The U.S. escalation of ground activity in South Vietnam and aerial bombardment of North Vietnam that began in 1965 produced massive casualties, a stalemate on the battlefield and destruction of the northern economy. This caused a sharpening of differences within the North Vietnamese government over how to continue prosecution of the war.
Relative moderates called for a return to protracted guerrilla warfare while negotiating with the United States, in a coordinated effort to erode U.S. public resolve. The militant faction tended to follow the People's Republic of China in matters of foreign relations, rejecting negotiations with the U.S., although their military strategy centered on large-scale, main force actions rather than protracted guerrilla warfare. A July 1967 purge of the moderates set the stage for a move to ignite a revolution in South Vietnam by means of a major, conventional offensive.
General Offensive, General Uprising
The North Vietnamese dubbed this initiative General Offensive, General Uprising, but in the United States it would become known as the Tet Offensive. Hanoi believed that the government in Saigon and the U.S. presence in the South were so unpopular that coordinated, large-scale attacks would spark a popular uprising. That in turn would position the North Vietnamese and their Viet Cong comrades to sweep to a conclusive victory. At the same time, they recognized that confidence among the American public in the Johnson Administration was waning. If the Communists could not defeat the U.S. on the battlefield, they would defeat the U.S. by causing a loss at home of popular support for the war.
The Tet Offensive was planned in three stages. Phase I would begin in the fall of 1967 with a series of probing attacks that would test American defenses while drawing US forces out to the margins of South Vietnamese territory. In Phase II, weak points identified during the first phase would be struck while Viet Cong units launched attacks within South Vietnam’s cities. "Phase II" is now remembered as the Tet Offensive. The planners in Hanoi imagined that these initiatives would bring South Vietnam's masses to rally to the communist cause, while Army of the Republic of Vietnam (ARVN) units crumbled and the Saigon government collapsed under coordinated communist military pressure and propaganda. In Phase III, large-scale battles by conventional ground forces would compel demoralized U.S. military units to retreat to coastal enclaves.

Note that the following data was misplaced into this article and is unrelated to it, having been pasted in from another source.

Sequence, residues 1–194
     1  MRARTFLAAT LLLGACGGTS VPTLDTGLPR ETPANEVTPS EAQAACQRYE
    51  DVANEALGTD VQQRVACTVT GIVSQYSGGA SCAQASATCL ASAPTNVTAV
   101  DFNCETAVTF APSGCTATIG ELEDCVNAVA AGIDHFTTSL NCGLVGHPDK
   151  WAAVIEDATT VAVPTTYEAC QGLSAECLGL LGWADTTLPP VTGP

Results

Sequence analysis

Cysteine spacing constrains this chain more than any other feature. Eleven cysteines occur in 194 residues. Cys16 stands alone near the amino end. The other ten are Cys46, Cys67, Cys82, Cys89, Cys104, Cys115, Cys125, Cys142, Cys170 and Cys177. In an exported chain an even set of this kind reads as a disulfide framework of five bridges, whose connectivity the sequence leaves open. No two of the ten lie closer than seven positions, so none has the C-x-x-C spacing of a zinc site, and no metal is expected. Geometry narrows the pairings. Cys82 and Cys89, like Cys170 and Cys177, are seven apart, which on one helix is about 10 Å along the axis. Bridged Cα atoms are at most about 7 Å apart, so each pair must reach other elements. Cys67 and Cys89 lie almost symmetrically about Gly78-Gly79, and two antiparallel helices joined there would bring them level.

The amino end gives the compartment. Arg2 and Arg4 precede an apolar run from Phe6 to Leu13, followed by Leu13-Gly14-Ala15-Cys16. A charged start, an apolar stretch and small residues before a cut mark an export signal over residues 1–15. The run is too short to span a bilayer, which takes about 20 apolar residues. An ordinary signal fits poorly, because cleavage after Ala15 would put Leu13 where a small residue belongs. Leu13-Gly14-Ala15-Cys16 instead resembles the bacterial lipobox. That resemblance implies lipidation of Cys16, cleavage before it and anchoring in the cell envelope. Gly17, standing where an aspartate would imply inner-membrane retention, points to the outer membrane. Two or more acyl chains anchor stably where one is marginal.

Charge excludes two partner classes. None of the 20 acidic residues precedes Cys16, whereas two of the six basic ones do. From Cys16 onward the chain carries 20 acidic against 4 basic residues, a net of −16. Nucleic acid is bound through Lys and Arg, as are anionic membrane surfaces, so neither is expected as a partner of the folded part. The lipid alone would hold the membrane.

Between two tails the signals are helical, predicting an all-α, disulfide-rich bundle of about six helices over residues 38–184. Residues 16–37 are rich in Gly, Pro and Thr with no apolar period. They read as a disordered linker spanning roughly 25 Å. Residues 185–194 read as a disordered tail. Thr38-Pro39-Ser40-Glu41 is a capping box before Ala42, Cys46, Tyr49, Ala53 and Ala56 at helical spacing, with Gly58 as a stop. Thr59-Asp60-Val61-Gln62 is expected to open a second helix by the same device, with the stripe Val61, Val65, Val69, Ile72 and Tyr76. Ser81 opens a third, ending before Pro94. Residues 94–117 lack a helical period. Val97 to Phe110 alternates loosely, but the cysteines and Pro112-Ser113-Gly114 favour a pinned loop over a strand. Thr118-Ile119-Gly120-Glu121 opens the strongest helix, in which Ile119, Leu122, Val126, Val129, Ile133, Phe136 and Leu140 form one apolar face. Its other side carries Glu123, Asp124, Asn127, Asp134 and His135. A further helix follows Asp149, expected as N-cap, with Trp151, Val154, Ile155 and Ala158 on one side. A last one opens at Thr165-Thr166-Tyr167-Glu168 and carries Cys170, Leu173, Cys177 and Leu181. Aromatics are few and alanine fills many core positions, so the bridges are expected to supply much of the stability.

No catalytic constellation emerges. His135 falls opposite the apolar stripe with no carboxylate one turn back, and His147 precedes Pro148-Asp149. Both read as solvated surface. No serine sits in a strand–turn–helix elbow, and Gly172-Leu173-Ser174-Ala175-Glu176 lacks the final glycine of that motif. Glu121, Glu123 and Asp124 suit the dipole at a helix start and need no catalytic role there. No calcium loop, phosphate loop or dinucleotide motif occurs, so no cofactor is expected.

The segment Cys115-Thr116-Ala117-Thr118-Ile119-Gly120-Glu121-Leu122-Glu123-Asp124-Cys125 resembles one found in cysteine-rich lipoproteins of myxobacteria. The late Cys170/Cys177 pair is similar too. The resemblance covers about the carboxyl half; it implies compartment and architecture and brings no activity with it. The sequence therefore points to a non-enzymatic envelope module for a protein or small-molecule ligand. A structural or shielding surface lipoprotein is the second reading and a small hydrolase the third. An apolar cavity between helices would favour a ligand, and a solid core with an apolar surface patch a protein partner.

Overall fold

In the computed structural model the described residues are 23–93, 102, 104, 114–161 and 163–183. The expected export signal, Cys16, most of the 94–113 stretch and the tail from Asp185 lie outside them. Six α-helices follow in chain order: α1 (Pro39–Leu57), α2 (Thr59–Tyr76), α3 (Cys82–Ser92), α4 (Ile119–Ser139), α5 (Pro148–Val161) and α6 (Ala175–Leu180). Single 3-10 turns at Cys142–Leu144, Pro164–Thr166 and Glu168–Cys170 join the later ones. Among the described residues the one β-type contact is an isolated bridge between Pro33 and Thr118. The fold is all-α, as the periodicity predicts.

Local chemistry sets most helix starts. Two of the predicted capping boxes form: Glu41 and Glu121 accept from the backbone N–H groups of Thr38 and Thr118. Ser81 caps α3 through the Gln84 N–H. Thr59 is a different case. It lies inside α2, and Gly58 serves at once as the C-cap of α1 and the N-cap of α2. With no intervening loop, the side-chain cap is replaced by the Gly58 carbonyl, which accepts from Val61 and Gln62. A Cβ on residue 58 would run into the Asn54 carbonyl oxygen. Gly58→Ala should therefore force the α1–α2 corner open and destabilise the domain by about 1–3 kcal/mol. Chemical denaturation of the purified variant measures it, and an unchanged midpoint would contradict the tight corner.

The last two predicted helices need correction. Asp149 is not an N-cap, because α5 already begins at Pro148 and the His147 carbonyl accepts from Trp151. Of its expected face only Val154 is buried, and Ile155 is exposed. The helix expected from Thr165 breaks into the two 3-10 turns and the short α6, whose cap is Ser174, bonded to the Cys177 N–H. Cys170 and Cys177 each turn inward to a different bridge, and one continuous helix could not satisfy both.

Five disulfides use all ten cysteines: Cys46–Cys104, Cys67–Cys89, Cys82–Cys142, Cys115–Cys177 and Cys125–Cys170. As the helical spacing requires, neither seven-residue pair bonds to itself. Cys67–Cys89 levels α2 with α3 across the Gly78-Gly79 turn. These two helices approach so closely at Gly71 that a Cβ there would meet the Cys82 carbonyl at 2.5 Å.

Thanks to flawless execution of the first phase, the Communists were well aware of U.S. and ARVN force dispositions when the second phase began.
Miscalculation in the U.S. Joint Command
General William Westmoreland, commander of Military Assistance Command, Vietnam (MACV) was primarily concerned at the time with the situation at the Khe Sanh Combat Base. That U.S. Marine Corps outpost was located about 30 kilometers south of the demilitarized zone (DMZ) between the North and South Vietnamese nations. Ten days before the onset of the Tet Offensive, a force of around 30,000 North Vietnamese troops had besieged the U.S. Marine garrison at Khe Sanh and MACV was convinced that the assault was a prelude to an effort to seize the two northernmost provinces of South Vietnam. To prevent such a development, Westmoreland had deployed the bulk of an entire Marine division to South Vietnam's northernmost province, leaving the city of Hue relatively unguarded.
The Strategic Importance of Hue
Highway 1 was an important supply line for South Vietnamese and U.S. forces, running along the South China Sea coast from Da Nang up to Hue, then continuing on for about 80 kilometers to the northwest before reaching the DMZ. Considering its logistical importance and its proximity to the border zone, Hue should have been well-prepared for an attack, but the city had been left poorly defended.
The Tet Offensive kicked off on January 30, 1968, with approximately 74,000 People's Army of Vietnam troops streaming across the border. Coordinated PAVN and Viet Cong attacks on Hue began in the early morning hours of January 31. Despite the one-day notice, this major city was largely unprepared for the onslaught.